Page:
• #Tony_Blair gives Kazakhstan’s autocratic president tips on how to defend a massacre - Telegraph

    Human rights activists accuse Mr Blair of acting “disgracefully” in bolstering Mr Nazarbayev’s credibility on the world stage in return for millions of pounds.


  • Judith Butler · No, it’s not anti-semitic: the right to criticise #Israel · LRB 21 August 2003

    When the president of Harvard University declared that to criticise Israel at this time and to call on universities to divest from Israel are ‘actions that are anti-semitic in their effect, if not their intent’, he introduced a distinction between effective and intentional anti-semitism that is controversial at best. The counter-charge has been that in making his statement, Summers has struck a blow against academic freedom, in effect, if not in intent.


    To understand Summers’s claim, we have to be able to conceive of an effective anti-semitism, one that pertains to certain speech acts. Either it follows on certain utterances, or it structures them, even if that is not the conscious intention of those making them. His view assumes that such utterances will be taken by others as anti-semitic, or received within a given context as anti-semitic. So we have to ask what context Summers has in mind when he makes his claim; in what context is it the case that any criticism of Israel will be taken to be anti-semitic?


    It may be that Summers [was saying] that the criticism will be exploited by those who want to see not only the destruction of Israel but the degradation or devaluation of Jewish people in general. There is always that risk, but to claim that such criticism of Israel can be taken only as criticism of Jews is to attribute to that particular interpretation the power to monopolise the field of reception. The argument against letting criticism of Israel into the public sphere would be that it gives fodder to those with anti-semitic intentions, who will successfully co-opt the criticism. Here again, a statement can become effectively anti-semitic only if there is, somewhere, an intention to use it for anti-semitic purposes. Indeed, even if one believed that criticisms of Israel are by and large heard as anti-semitic (by Jews, anti-semites, or people who could be described as neither), it would become the responsibility of all of us to change the conditions of reception so that the public might begin to distinguish between criticism of Israel and a hatred of Jews.


    The point is not only that Summers’s distinction between effective and intentional anti-semitism cannot hold, but that the way it collapses in his formulation is precisely what produces the conditions under which certain public views are taken to be hate speech, in effect if not in intent. Summers didn’t say that anything that Israel does in the name of self-defence is legitimate and ought not to be questioned. I don’t know whether he approves of all Israeli policies, but let’s imagine, for the sake of argument, that he doesn’t. And I don’t know whether he has views about, for instance, the destruction of homes and the killings of children in Jenin which attracted the attention of the United Nations last year but was not investigated as a human rights violation because Israel refused to open its borders to an investigative team. If he objects to those actions, and they are among the ‘foreign policy’ issues he believes ought to be ‘vigorously challenged’, he would be compelled, under his formulation, not to voice his disapproval, believing, as he does, that that would be construed, effectively, as anti-semitism. And if he thinks it possible to voice disapproval, he hasn’t shown us how to do it in such a way as to avert the allegation of anti-semitism .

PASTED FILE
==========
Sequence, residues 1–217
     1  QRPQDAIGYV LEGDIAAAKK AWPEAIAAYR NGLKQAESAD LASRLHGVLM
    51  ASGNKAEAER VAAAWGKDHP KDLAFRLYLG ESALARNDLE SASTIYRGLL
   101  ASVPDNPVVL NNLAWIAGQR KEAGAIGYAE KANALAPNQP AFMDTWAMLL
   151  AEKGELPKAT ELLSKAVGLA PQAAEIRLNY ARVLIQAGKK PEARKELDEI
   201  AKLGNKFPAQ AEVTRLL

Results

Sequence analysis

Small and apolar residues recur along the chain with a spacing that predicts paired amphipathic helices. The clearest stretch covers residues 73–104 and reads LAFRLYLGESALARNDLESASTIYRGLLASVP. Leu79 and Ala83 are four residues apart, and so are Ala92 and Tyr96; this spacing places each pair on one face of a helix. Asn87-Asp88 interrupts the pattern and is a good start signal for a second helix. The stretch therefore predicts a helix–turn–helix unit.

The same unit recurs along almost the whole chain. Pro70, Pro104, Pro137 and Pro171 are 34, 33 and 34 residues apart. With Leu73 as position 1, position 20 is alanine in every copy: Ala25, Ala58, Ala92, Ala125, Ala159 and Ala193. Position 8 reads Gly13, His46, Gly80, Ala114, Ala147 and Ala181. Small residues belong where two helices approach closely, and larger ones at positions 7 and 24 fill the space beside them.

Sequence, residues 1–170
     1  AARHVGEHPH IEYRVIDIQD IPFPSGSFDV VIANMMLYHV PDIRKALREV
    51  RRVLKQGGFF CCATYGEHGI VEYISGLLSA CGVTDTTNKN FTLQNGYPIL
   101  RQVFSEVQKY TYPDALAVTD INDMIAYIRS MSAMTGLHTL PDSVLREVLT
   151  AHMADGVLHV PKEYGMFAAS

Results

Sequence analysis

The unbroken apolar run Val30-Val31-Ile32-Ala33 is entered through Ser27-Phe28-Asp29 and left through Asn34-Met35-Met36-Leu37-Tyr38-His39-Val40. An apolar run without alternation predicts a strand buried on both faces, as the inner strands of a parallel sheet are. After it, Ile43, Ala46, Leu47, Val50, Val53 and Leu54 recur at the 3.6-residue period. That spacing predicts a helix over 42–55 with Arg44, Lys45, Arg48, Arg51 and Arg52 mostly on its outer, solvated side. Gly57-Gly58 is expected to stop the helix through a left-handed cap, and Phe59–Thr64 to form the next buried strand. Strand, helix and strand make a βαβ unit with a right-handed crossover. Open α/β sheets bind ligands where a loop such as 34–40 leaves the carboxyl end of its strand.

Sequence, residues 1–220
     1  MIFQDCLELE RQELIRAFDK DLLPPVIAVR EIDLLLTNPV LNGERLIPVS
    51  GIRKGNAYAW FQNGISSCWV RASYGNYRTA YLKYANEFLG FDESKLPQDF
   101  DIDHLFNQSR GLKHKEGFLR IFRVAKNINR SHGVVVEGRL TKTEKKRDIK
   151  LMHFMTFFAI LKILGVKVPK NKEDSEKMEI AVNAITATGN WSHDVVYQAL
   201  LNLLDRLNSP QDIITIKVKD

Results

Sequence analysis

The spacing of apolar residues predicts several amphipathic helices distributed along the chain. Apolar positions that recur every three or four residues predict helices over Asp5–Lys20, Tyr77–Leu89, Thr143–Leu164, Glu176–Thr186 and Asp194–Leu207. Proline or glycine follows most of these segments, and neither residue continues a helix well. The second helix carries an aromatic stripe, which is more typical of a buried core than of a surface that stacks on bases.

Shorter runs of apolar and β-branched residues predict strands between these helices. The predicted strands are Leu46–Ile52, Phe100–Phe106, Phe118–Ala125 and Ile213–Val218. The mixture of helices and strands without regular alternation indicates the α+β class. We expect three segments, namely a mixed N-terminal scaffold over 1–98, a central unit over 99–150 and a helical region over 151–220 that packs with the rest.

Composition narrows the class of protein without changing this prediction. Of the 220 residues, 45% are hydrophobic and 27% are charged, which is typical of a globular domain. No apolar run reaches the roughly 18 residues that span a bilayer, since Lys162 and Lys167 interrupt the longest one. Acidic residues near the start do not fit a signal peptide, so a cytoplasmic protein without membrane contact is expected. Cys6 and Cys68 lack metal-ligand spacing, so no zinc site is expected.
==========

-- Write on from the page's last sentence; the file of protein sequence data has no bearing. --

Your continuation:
• Years of living dangerously

    Yesterday, the Islamic State released footage of the beheading of American journalist James Foley, who was captured in Syria two years ago. The group also says it may execute another American journalist depending on the next moves of President Obama.

    Reuters reports that the gruesome decapitation video seemed to suggest that the Islamic State was opening a new anti-U.S. front that could result in attacks on U.S. interests or even American soil. “The stronger the war against the States gets, the better this will help hesitant brothers to join us,” said one Islamic militant.

    Iraq has by far been the most dangerous country for journalists over the past two decades, with 165 journalist deaths there since 1992.


    #infographie #journalisme #presse #décès

  • Iran’s president one year on, by Ahmed Shaheed

    Last year the Iranians elected Hassan Rouhani as president. His popularity along the campaign trail was predominantly related to a fundamental domestic issue — restoring respect for the rights of all Iranians. Shortly before people voted, Rouhani presented himself as the most committed reformist candidate and said: “All Iranian people should feel there is justice. Justice means equal opportunity. All ethnicities, all religions, even religious minorities, must feel justice,” and “anyone who wants to speak in a society should be able to come out, speak their mind, criticize and critique without hesitation and stammering.”